Most of us have a soundtrack, whether we know it or not, and for many years, the radio provided it. Regional favorites played in the background while people lived, in happy times and sad. The Radio Show even included some requests and commentary from the DJs. I’m not from Pittsburgh, but the sounds were not unfamiliar. The Radio Show addresses the human experience, good and bad. Kyle Abraham understands people. Watching the dancers perform his choreography gave me the feeling he would understand me. He doesn’t shy away from anything, touching on the experiences of people of all ages, men and women, good and bad. The show was humorous and sad, light hearted and heavy, celebratory and damning.
I did experience one moment of irritation, though not with Abraham.In.Motion. During one piece featuring a man and a woman being physically violent with each other, the audience laughed. Not when the man hit the woman, because they understood the gravity of that. The chuckled when the woman returned the favor. In my view, violence -- towards anyone, for any reason -- is wrong. The gender of the participants is irrelevant. (Well, not irrelevant, because when is gender in our culture ever irrelevant? But violence is still wrong.) To be fair, I did laugh when two female dancers took the stage and argued over a boy. One of them pulled up her hair and reached for a tub of Vaseline to cover her face, so punches would slide instead of land solidly. Anyhow, I’m not perfect, but I would like to make the point here that it’s just as wrong for a woman to rough up her man as it is for him to hurt her.
Abraham’s -- at least I think it was Abraham -- performance as an older adult suffering from tremors and confusion was particularly moving, a testament to his skills at choreography and communication through movement. I am almost always moved by the physical prowess displayed in a dance performance. After all, I took enough dance classes in my youth that I know exactly how difficult and elusive most of those are for most of us. Rarely am I as impressed by the performers as actors and the way a story is told. Abraham.In.Motion. and the Radio Show have it all.
The audience loved the show, as did I. The movement was powerful and it was difficult to decide which dancer to watch when they were on stage together. The longer solo pieces were riveting**, the energy and acting chops of the soloists undeniable. The show made me want to go home and look up YouTube videos of everything from jitterbug and shag to sliding and gliding and jerkin’, which I did, much to the amusement of my children. I tried not to injure myself as I marveled anew at the company’s skill.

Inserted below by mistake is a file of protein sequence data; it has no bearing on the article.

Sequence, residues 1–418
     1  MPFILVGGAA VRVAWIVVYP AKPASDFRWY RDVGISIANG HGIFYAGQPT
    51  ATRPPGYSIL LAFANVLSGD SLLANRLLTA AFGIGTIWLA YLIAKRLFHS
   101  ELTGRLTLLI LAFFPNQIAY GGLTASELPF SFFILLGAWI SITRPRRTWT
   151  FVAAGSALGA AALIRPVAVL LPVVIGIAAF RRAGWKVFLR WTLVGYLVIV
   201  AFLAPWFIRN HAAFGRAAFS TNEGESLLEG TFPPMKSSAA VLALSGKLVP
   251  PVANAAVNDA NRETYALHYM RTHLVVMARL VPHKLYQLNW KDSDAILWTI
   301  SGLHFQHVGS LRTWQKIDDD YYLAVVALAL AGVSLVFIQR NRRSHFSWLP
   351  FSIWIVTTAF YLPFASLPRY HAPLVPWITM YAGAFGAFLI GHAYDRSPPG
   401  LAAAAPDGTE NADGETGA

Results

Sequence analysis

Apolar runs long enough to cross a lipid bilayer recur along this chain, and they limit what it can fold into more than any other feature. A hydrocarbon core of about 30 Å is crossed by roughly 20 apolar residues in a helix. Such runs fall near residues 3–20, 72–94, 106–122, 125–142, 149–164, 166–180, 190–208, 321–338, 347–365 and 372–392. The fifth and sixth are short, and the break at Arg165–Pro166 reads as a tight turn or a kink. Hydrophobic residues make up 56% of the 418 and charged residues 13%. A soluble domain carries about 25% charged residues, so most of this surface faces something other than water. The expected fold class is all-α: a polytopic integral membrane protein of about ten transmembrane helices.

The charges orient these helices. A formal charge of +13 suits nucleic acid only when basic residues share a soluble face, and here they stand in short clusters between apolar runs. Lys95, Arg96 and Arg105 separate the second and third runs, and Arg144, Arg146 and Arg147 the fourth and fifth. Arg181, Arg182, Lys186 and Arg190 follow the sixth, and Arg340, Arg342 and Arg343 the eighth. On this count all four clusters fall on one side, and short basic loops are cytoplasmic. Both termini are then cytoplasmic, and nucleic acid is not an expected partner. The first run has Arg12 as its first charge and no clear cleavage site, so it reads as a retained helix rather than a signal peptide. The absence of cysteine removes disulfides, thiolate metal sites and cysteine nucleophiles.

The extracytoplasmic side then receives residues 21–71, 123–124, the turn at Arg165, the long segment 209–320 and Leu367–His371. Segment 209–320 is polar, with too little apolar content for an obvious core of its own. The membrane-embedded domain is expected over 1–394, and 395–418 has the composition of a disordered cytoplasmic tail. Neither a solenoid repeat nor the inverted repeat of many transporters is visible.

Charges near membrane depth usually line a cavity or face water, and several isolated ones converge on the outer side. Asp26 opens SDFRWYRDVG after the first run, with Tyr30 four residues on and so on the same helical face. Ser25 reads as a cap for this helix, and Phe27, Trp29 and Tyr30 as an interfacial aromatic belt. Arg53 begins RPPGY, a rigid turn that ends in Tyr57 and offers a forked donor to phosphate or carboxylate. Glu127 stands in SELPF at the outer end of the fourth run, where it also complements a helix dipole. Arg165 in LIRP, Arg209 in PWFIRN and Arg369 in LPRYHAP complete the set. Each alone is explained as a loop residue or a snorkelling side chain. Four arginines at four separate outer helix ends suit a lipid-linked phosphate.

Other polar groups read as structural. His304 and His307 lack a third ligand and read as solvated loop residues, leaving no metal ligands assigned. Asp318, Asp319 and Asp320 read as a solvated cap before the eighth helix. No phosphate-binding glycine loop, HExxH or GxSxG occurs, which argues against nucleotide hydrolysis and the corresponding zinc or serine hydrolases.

Every piece, each clip from a song, meant something different to everyone. On that note, I leave you with this: Slick Rick’s Children’s Story.
A real reviewer might know the name of the dancer, most likely choreographer Kyle Abraham. A real reviewer might also know the name of the dance. It looked like a jitterbug, so there you are. A real dance writer might not have obsessed about the male dancers’ distressed, open-back polo shirts, in the perfect, chic shade of mauve, contemplating how she could recreate that look for herself, and still manage to wear a bra. No, a real reviewer would not have done that, but I did.
** Again, a real reviewer -- or one who had known she was going to be asked to review the piece -- would have taken better notes. I regret being unable to give individual dancers credit, but they were all incredible, so there’s that.
And here's a little snippet of what we experienced at the performance:
If you go down this weekend, be sure to head over to the festival finale featuring Cedric Watson and Bijou Creole at Middleton Place. There will be fun, fireworks and music for all!